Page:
Rhee said Giffords has been undergoing physical therapy, in which staffers sit her up with her legs dangling off the side of the bed. When asked, she can move both legs, straightening them out, he said.
Safeway, which owns the grocery store where the shooting took place, took out a full-page ad in Tucson’s Arizona Daily Star newspaper Thursday, saying it is proud to be part of a community that cares so deeply about one another. Since Saturday, Safeway employees have been praying for the victims and their families, and the company is working to reopen the store, it said. Supermarkets pride themselves on reopening quickly following disasters, it noted, but Saturday’s events were not a tornado or hurricane.
Doctors have cautiously described Giffords’ recovery as going according to plan, so far absent of any complications or issues, and have said throughout that she has been able to communicate when they lessen her sedation and allow her to awaken.
“Other than the birth of my kids, this was the most incredible feeling, to see literally one of your closest friends struggle to come to you, her family, her friends,” said Wasserman Schultz, who spoke on CNN’s “AC360” along with Gillibrand. “We know how strong Gabby is. … You could see all the strength pouring out of her to touch her husband.”
“She wanted to tell us, ‘I’m with you,’ ” Gillibrand said.
Lemole said he also was in the room when Giffords opened her eyes, saying it might have been the “unexpected familiarity” of having close friends visit that perhaps Giffords wasn’t expecting.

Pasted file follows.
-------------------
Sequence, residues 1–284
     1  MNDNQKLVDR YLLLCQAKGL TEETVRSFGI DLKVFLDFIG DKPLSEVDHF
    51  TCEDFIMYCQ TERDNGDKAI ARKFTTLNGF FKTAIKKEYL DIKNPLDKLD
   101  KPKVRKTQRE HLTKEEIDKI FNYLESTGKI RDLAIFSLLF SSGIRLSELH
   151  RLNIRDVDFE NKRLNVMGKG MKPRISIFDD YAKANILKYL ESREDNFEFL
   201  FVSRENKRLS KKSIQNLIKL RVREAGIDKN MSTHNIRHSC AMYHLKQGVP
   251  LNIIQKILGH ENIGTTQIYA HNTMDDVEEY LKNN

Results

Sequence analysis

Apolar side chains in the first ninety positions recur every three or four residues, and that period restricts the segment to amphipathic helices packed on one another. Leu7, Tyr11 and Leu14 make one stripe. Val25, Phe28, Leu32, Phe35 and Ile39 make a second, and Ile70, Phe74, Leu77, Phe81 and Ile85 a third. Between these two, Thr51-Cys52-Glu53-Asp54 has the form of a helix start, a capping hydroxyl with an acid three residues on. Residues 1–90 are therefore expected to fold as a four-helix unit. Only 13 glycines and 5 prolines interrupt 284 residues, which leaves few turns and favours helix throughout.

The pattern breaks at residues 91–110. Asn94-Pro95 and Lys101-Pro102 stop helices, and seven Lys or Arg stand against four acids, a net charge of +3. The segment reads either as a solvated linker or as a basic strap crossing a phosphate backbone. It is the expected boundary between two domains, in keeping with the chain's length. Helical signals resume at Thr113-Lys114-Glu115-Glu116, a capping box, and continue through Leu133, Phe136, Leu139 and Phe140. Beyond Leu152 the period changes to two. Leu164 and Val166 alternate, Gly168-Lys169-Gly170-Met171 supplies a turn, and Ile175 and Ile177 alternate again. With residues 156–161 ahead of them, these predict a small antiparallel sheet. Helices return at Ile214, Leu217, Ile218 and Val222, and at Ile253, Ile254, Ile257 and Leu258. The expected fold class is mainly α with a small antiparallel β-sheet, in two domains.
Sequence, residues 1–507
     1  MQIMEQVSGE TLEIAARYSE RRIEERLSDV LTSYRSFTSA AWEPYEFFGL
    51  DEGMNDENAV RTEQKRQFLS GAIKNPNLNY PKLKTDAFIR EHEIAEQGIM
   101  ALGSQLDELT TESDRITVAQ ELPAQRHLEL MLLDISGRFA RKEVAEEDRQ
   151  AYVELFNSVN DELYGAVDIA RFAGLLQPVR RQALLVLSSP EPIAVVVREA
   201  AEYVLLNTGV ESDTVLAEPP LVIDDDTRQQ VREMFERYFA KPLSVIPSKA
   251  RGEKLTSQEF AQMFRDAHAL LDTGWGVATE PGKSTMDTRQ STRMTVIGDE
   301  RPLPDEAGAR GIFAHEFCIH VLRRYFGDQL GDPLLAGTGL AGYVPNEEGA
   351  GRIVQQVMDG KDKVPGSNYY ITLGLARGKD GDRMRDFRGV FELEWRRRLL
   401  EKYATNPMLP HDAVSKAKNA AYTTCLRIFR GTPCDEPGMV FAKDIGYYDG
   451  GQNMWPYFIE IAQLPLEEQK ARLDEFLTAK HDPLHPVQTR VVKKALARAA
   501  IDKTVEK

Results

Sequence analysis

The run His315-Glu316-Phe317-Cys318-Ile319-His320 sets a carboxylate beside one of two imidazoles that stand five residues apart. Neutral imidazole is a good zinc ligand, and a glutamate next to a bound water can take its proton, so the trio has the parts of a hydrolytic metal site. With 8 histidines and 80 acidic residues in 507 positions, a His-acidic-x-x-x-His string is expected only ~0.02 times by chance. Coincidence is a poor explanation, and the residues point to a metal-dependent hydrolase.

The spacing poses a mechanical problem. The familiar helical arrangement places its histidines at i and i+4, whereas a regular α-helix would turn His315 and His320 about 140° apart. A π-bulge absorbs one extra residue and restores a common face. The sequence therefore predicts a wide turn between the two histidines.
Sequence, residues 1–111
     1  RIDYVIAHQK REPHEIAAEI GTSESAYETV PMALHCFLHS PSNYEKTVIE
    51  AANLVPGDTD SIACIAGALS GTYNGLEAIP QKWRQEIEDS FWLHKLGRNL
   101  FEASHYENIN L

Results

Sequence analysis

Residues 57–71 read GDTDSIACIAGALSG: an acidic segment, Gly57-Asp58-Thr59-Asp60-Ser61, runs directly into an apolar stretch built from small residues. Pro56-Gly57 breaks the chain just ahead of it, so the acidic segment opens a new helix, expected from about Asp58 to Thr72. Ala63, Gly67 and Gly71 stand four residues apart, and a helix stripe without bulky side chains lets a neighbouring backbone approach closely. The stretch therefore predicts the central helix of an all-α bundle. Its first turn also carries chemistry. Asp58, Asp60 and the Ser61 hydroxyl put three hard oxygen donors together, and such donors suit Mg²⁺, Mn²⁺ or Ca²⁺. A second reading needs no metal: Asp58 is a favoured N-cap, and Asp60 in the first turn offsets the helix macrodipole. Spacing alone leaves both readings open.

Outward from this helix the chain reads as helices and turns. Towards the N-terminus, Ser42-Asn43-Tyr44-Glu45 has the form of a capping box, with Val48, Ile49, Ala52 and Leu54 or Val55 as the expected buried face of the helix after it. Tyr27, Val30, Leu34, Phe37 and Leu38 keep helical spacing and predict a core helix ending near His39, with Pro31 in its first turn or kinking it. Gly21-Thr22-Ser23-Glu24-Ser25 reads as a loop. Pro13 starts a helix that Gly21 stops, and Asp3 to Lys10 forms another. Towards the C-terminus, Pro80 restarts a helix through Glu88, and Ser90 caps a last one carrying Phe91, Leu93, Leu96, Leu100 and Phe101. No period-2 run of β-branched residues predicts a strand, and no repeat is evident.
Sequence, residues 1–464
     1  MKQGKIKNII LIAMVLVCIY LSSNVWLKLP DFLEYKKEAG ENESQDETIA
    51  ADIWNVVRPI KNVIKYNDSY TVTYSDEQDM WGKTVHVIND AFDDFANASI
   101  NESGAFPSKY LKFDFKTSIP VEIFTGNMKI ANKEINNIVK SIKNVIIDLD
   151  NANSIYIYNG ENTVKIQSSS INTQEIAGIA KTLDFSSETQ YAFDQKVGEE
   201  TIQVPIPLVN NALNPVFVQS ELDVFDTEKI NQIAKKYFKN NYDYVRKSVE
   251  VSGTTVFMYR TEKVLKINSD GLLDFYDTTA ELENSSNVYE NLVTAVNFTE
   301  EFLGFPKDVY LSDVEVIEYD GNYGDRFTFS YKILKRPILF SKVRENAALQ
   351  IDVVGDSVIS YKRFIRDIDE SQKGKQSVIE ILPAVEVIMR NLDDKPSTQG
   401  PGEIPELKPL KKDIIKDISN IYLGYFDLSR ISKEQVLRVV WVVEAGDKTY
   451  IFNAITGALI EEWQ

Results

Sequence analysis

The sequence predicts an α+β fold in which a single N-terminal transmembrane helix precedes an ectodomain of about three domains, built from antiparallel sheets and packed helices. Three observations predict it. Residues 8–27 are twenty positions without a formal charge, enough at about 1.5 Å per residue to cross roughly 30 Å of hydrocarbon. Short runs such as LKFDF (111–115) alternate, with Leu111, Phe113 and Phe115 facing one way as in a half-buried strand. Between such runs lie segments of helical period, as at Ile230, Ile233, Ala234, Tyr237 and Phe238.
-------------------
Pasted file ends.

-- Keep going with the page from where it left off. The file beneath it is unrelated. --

“This is the part that doctors, I think, have the hardest time with — those intangibles in medicine,” he said, referring to the role that family and friends can play in prompting patient progress.
“Miracles happen every day,” Lemole said. “… A lot of medicine is outside our control.”
“It was, as you can imagine, a glorious moment,” said House Minority Leader Nancy Pelosi, who was also in the room.
The road ahead for Giffords may be long. Her recovery may last a lifetime, like that of Jim Brady, a former White House press secretary under President Ronald Reagan who was shot in the head in 1981. Several parallels have been drawn between the two. Now 70 and blind, Brady told CNN’s Jim Acosta this week he routinely goes to physical therapy near his Delaware home.
“Life will always be good again,” Brady said. “It may be different. But that doesn’t mean it’s bad.”
And Giffords has been described by many as tenacious and fearless.
“Our boss is a fighter, and she’s fighting,” C.J. Karamargin, Giffords’ spokesman, said on “AC360.” “And we saw that today.”